Additionally, I highly doubt USU will have to contend with a running back as dynamic as Donnel Pumphrey this time around. The future fourth round NFL draft pick ran wild against the Aggies in ’15 and ’16 as he amassed 404 yards on the ground in those two games.
The Aztecs do have a proven commodity at tailback this year in Juwan Washington, but the senior has been battling an ankle injury and didn’t play against New Mexico State last Saturday.
As long as the Aggies play pretty well in the defensive trenches, I like their chances of emerging victorious.
A couple of other keys to Saturday’s game for USU are valuing the football and keeping quarterback Jordan Love clean in the pocket.
In both lopsided setbacks to the Aztecs, the Aggies not only lost the turnover battle, but didn’t have a single takeaway. SDSU has been stingy with the pigskin so far this season as it has only lost one fumble and thrown one interception in three games.
Nevertheless, even if the Aggies doesn’t force any turnovers — USU only has two takeaways in two games — I still think they will leave the Golden State with a victory if they don’t cough the ball up. That will be much easier said than done against a stingy and opportunistic Aztec defense that already has seven takeaways for an impressive plus-five turnover margin.
USU turned the ball over a combined six times in its two previous loses to SDSU.
“They are a strong, strong team,” USU senior tailback Gerold Bright said of SDSU. “Those guys play really hard. As I watch film from the last time I played them my redshirt freshman year, it was a cold day. It was rough. ... We turned the ball over like four times. Then, they had that guy in the backfield just doing amazing things. It was a cold night. We’ve changed. We’ve gotten better. Our goals are still the same. We’re looking forward to getting this win.”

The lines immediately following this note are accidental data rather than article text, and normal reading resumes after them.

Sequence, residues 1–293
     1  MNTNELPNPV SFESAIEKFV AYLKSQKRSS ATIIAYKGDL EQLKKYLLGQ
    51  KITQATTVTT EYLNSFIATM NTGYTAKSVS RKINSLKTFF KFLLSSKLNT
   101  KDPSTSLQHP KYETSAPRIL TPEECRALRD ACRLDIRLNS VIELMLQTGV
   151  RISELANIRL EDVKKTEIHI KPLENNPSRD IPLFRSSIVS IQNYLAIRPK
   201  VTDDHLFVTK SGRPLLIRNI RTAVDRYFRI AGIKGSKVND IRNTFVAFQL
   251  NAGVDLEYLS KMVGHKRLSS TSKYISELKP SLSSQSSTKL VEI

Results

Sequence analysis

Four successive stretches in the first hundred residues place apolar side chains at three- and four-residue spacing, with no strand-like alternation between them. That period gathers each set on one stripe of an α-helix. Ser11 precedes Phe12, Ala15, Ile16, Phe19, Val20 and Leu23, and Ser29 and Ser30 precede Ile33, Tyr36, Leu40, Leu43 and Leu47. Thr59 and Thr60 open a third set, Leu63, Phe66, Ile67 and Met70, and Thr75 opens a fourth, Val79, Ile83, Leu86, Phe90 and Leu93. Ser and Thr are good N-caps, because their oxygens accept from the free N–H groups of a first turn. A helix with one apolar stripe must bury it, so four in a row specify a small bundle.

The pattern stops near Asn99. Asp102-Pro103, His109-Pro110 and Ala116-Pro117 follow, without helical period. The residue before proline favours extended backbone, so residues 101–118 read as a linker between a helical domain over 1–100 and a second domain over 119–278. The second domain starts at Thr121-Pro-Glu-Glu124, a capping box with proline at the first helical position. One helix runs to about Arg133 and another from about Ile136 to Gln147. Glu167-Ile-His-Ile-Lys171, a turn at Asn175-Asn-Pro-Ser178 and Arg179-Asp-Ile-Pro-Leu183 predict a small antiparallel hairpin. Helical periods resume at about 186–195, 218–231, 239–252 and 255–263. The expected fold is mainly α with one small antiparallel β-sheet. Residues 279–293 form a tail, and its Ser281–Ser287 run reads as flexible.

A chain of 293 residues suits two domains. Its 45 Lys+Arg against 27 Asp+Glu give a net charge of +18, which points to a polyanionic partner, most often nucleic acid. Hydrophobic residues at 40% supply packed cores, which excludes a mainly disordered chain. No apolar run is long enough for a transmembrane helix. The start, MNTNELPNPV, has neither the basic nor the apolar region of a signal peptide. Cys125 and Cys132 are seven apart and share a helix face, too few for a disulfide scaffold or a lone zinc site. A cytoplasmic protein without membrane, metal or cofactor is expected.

Giving Love enough time to pass will also be a challenge against a SDSU defense that has already racked up 10 sacks and 25 tackles for loss. The good news for the Aggies is their youthful offensive line has only conceded a pair of sacks in 95 passing attempts.
I think USU’s O-line will at least do an adequate job of protecting its standout signal caller, which should spell trouble for an Aztec secondary that gave up 299 yards through the air to NMSU.
The bottom line is USU will need to be disciplined and sharp to get off to a 1-0 start in Mountain West play. But I do believe this is the year a motivated group of Aggies will find a way to terminate their losing streak to the Aztecs.
“I’m super hungry,” Bright said. “As a team, we’re super hungry because we all understand in the Mountain West, all it takes is one game. You lose one game, you might be done for in the running for the Mountain West Championship. We understand that we have to go out there and get this dub. It won’t be easy, but we’re depending on our preparation and the way we practice (will prepare) us for them so we can go out and get this win.”